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Friday, February 28, 2020

A tale of two hedges: Playing safe and playing for profit


Date: Saturday, October 10, 2009
Author: Globe and Mail

AVNER MANDELMAN
Special to The Globe and Mail

Avner Mandelman is president and chief investment officer of Giraffe Capital Corp. and the author of The Sleuth Investor.

amandelman@giraffecapital.com

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During the decade that I've been involved with hedge funds, I've heard many arguments for and against them; but I also found that many investors still do not fully understand what a hedge fund is, and what hedging is for. Indeed, many so-called hedge funds are little more than levered long-only funds, where customers are really buying risk.

So, what is hedging for? In my experience, it can be done for two main reasons: First, to eliminate risks you don't have a handle on, so you can focus on the ones you do understand (because you have researched them); and second, to actively create a profit opportunity.

Let me give you examples of each, including a current one.

First, eliminating risks: The earliest hedge fund was formed 60 years ago, the brainchild of Alfred Winslow Jones, a journalist who realized that investing both long and short can smooth out market fluctuations - if both longs and shorts have been picked well. So the "hedge" in that proto-hedge fund's name meant hedging out (eliminating) market fluctuations.

But hedging can also be used to eliminate other risks. Say you consider a specific small copper producer a takeover target. You're willing to bet on the takeover, but don't want the risks of the market plunging or copper tanking. To hedge the latter out, you can go long the target stock, while shorting large copper producers as a hedge.

Or another example: Say you own U.S. stocks but live and spend in Canada. How do you eliminate U.S. dollar risk? You short the American dollar in the same amount as your U.S. stock portfolio. There are other risks you can hedge out, such as interest rate risk, or even weather risk, for the ultrasophisticated.

But what of active hedges, where you create an opportunity? These require creativity and research. As a typical example, take an industry where a company is the clear winner at the expense of competitors, but its stock is too expensive and volatile.

Can you still benefit? Yes. In some cases you can go long the winner and short the losers.

To take a concrete, current example, consider the bookselling industry, where in the U.S. Amazon is a clear winner at the expense of bricks-and-mortar bookstores. However, Amazon's stock is expensive, and although over the long term the stock did well, its volatility could've made you lose sleep. But a successful hedge has been (and may continue to be) going long Amazon and short bookstore operator Barnes & Noble.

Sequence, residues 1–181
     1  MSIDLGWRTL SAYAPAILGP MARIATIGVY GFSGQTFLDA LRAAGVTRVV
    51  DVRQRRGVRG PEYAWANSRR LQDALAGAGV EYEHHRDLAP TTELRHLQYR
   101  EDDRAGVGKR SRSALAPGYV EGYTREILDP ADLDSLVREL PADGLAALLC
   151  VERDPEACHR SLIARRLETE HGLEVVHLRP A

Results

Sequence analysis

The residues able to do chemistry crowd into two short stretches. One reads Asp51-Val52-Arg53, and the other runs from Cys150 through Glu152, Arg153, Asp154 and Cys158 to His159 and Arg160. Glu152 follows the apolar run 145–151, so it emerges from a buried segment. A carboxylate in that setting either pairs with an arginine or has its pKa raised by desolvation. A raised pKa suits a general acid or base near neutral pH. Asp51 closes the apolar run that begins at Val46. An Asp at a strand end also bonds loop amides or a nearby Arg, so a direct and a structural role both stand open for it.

Why did it work? And why might it continue to?

Well, based on fundamental data, sales of online books have been rising fast, while sales at traditional bookstores have been languishing. And now there's another element: Kindle, the wireless book reader that has transformed the industry. Indeed, you can compare the new book-buying to the start of electronic stock trading: Instead of paying a high commission to your broker and waiting for your purchase confirmation to arrive by mail, you can click, pay a $9.99 commission, and you see the stock in an online account immediately. In other words, like e-trading, book-buying has become an impulse purchase. Up to now, Kindle has been only a U.S. product, but last week it went worldwide nearly everywhere, except Canada (where it seems the government is defending bookstores). But soon the Kindle should come here, too.

How did the Amazon/Barnes & Noble hedge work out?

Over the past two years, going long Amazon and shorting Barnes & Noble made for a fairly stable rising line. (See chart.) As for the return: Over the past two years the ratio rose to about four from two, or 41 per cent per year. However, remember that the amount of capital needed for such a hedge is twice a regular amount - for each $1 long you need $1 for the short - so the real return on the hedged capital was about 20 per cent a year. Still, not bad.

But will this continue? I think it likely will, but there are risks. First, the usual risk of borrowing stock to short, and the risk of Barnes & Noble being taken over. But also, several competing e-readers have been announced by electronic firms, so Amazon's hardware profits could decrease (they don't own any core patents). Yes, Amazon has the content - more than 1.5 million books available, with about 250,000 more added per year, but competition here, too, is coming, from two online giants - Google and Apple.

Still, all in all, the hardware is not the advantage, the content is; and as the price of books comes down, and book-buying become an impulse purchase, sales volume should rise, and so should margins - while bricks-and-mortar competitors could continue to lose market share and margins. Indeed, independent bookstores have been closing in droves.

Why do I mention it now? Because over the next year or so this type of hedge may be particularly interesting, since if markets correct (as I expect them to), levered long funds could become even more vulnerable, but well-researched industry hedges, like the long Amazon/short Barnes & Noble, could still do well.